So, research. It’s a massive part of the job. Who decided writers have to sound like they know what they’re talking about? That just sounds like crazy talk to me 🙂
However, even though you do all this research, you may have heard people say before 99% of what the author knows never appears on the page. Bummer! Oh well, it has to be done and some of it can be extremely interest. However, how do you go about researching?
For me, because I am lazy-no, no, it’s efficient. EFFICIENT-I like to watch movies or tv shows with similar subject matter to the story I’m writing. There are so many benefits to this. One, you are absorbing the way the writers have written the show, the way the directors and producers have interpreted the writing and, above all, the dialogue. Watching people talking can only help you improve your own dialogue skills, no matter if the show be good or bad. Second, the researchers and set designers have done ALL THE WORK FOR YOU.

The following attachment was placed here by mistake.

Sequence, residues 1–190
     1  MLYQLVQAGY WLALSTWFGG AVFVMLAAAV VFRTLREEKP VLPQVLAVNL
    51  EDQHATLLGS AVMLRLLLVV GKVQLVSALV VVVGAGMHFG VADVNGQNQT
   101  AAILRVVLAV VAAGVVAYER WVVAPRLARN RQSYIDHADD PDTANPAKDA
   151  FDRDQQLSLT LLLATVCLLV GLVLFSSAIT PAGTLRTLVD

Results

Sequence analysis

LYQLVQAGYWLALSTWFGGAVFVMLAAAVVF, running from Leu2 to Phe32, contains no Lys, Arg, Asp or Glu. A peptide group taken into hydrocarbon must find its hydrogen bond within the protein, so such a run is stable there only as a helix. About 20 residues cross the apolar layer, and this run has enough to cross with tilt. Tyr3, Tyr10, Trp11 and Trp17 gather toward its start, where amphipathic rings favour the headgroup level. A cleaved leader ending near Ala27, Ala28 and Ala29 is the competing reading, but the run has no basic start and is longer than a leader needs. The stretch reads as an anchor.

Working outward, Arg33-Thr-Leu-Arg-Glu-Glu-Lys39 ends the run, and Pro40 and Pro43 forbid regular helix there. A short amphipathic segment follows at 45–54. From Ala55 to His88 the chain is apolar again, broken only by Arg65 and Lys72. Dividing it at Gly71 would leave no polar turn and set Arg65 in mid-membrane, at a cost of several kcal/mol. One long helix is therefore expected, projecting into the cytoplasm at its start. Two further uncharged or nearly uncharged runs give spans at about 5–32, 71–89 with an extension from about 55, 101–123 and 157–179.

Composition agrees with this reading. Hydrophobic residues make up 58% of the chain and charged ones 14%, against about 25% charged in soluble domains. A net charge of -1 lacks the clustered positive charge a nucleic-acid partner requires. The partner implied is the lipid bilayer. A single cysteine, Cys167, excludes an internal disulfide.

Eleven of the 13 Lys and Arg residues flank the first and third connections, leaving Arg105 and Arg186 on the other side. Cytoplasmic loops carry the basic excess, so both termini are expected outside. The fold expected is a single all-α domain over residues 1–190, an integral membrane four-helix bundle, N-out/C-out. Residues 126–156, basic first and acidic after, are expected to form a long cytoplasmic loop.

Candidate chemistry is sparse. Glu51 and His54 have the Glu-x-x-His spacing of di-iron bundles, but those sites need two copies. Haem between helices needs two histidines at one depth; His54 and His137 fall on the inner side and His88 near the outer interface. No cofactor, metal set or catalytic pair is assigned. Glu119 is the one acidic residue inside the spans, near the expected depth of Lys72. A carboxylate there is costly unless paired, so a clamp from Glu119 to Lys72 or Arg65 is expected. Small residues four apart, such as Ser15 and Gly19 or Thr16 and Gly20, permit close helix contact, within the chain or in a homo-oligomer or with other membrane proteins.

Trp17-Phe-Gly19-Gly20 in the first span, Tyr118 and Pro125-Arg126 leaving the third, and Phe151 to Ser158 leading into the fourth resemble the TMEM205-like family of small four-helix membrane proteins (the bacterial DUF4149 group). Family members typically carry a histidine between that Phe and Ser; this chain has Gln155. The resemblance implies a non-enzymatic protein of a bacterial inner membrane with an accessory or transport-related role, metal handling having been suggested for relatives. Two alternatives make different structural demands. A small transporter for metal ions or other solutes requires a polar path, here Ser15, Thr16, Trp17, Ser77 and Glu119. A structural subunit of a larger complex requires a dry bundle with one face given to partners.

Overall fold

Currently, I’m watching Rome. I watched this show a few years ago but recently I’ve purchased the dvd box sets and my wordy, is it great for research! The production design unit has busted their, uh, backs to make the show look like Rome at the creation of the Empire. This is invaluable. You can read all the books in the world describing what a patrician’s house looked like but a 30 second scene from Rome set within a patrician’s villa makes an impression no book could every hope to. For me, visual research is great when used in conjunction with the written.
These shows spend AGES making sure they get things right, or at least that they adhere to the agreed version of history. For example, it’s doubtful the regency period was like what we as readers accept is regency, but we all agree it’s like that and thus it becomes truth. It’s the same with any historical period. Historians, anthropologies and archeologists are constantly discovering new information, and occasionally this information contradicts all that has gone before. Therefore, history is a fluid beast and mostly, it is what we all agree to be true.
Hmm. I think I got off topic here.
Anyway, watching tv is good for your writing. Totally. You can take that to the bank!